The Journal of Headache and Pain

"European Headache Federation" and of "Lifting The Burden - The Global Campaign against Headache"

The Journal of Headache and Pain Cover Image
Open Access

The burden of headache is associated to pain interference, depression and headache duration in chronic tension type headache: a 1-year longitudinal study

  • Stella Fuensalida-Novo1,
  • Maria Palacios-Ceña1, 2,
  • Juan J. Fernández-Muñoz3,
  • Matteo Castaldo2, 4, 5,
  • Kelun Wang2,
  • Antonella Catena5,
  • Lars Arendt-Nielsen2 and
  • César Fernández-de-las-Peñas1, 2Email author
The Journal of Headache and PainEuropean Headache Federation" and of "Lifting The Burden - The Global Campaign against Headache201718:119

https://doi.org/10.1186/s10194-017-0829-8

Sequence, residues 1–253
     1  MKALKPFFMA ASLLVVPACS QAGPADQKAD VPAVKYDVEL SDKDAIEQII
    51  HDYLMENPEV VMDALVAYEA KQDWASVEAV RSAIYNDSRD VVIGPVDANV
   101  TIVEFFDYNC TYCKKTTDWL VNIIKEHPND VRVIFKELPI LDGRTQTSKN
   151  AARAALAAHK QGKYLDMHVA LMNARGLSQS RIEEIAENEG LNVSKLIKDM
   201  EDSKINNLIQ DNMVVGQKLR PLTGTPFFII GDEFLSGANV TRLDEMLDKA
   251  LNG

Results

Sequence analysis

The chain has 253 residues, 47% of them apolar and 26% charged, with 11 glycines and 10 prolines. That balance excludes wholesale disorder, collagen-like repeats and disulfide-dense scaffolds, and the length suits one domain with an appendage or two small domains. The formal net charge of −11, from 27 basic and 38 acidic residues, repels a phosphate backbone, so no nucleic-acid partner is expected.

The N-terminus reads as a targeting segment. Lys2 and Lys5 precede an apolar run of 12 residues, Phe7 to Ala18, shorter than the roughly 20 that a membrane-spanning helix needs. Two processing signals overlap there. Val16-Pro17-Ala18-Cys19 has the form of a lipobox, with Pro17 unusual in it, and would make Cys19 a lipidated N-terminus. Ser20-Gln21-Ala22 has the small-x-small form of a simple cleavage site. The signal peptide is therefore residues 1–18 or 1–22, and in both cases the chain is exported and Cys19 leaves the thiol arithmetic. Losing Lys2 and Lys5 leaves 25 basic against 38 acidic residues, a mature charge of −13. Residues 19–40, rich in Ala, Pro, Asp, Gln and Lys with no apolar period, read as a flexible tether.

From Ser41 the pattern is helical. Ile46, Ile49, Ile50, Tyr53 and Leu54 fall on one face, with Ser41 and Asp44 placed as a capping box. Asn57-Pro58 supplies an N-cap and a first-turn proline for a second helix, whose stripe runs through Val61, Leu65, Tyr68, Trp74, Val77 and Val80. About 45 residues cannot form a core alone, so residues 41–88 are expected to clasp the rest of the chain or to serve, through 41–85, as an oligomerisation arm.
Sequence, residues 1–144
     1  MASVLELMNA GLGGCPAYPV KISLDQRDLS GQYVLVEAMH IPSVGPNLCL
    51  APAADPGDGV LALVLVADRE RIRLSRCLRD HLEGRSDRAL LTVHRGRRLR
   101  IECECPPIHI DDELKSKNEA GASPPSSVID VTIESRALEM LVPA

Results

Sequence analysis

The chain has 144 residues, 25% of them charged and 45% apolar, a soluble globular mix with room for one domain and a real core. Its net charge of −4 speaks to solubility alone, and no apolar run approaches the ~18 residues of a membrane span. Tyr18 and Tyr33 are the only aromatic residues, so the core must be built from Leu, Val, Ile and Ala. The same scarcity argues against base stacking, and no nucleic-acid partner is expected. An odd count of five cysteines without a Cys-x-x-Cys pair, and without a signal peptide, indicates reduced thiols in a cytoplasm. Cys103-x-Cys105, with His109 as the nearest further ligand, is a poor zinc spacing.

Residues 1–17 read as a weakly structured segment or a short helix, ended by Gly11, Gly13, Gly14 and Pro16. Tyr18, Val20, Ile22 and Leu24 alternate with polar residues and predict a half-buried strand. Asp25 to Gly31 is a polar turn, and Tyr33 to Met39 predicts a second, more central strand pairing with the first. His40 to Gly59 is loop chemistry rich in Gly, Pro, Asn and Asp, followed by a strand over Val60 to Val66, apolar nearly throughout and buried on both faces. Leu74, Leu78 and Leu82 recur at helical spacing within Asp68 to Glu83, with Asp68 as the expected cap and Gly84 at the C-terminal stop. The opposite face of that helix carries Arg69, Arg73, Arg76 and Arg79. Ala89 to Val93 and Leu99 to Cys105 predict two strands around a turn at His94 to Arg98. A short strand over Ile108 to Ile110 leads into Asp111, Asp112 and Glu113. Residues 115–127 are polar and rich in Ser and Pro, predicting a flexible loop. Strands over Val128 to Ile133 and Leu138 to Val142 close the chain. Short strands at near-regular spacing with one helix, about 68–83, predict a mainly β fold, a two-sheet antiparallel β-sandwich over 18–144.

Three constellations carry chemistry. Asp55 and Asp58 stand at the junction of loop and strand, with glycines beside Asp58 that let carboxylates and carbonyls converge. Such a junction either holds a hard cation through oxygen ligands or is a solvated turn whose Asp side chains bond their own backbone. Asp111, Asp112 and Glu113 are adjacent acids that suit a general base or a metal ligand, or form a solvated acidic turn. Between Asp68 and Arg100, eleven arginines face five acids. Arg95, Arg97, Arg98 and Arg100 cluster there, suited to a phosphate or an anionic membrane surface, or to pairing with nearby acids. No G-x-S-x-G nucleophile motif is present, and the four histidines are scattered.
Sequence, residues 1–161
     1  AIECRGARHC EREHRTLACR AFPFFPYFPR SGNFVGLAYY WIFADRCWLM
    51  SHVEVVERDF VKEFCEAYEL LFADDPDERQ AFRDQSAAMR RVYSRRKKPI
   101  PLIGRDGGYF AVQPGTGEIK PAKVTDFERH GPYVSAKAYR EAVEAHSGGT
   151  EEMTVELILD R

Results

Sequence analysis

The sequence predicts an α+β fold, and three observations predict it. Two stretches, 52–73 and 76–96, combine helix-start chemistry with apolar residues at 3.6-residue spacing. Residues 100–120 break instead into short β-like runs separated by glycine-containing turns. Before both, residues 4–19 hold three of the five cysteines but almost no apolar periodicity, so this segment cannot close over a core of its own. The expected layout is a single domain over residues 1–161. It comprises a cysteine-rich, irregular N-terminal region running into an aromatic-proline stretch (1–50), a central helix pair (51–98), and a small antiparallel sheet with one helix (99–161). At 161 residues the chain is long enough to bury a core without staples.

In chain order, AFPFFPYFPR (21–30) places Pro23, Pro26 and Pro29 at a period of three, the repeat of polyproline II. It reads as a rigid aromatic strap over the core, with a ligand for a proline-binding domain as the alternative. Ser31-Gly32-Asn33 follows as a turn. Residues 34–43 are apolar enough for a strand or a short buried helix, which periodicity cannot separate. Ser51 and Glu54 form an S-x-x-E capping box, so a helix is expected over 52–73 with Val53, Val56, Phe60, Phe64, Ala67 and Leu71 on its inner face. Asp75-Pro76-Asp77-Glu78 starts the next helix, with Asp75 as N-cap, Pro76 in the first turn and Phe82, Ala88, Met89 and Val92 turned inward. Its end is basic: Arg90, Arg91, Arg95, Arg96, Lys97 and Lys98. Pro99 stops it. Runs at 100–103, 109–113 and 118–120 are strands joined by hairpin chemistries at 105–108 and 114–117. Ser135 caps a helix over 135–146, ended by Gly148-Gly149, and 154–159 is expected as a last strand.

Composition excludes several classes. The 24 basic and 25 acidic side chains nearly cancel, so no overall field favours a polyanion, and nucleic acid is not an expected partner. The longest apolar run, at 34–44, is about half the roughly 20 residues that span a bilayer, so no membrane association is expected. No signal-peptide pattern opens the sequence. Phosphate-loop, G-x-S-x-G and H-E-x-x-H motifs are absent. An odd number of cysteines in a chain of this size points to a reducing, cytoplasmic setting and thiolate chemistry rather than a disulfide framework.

Received: 20 November 2017

Accepted: 18 December 2017

Published: 28 December 2017

Abstract

Background

To investigate variables associated at one year (longitudinal design) with the physical or emotional component of burden in chronic tension type headache (CTTH).

Methods

One hundred and thirty (n = 130) individuals with CTTH participated in this longitudinal study. Clinical features were collected with a 4-weeks headache diary at baseline and 1-year follow-up. The burden of headache was assessed at baseline and one -year follow-up with the Headache Disability Inventory (HDI), physical (HDI-P) or emotional (HDI-E) component. Sleep quality (Pittsburgh Sleep Quality Index), anxiety and depression (Hospital Anxiety and Depression Scale-HADS), and quality of life (SF-36) were also assessed at baseline. Hierarchical regression analyses were conducted to determine the associations between the baseline variables and the headache burden at 1-year. Simple mediation models were also applied to determine the potential mediation effect of any intermediary variable.

Results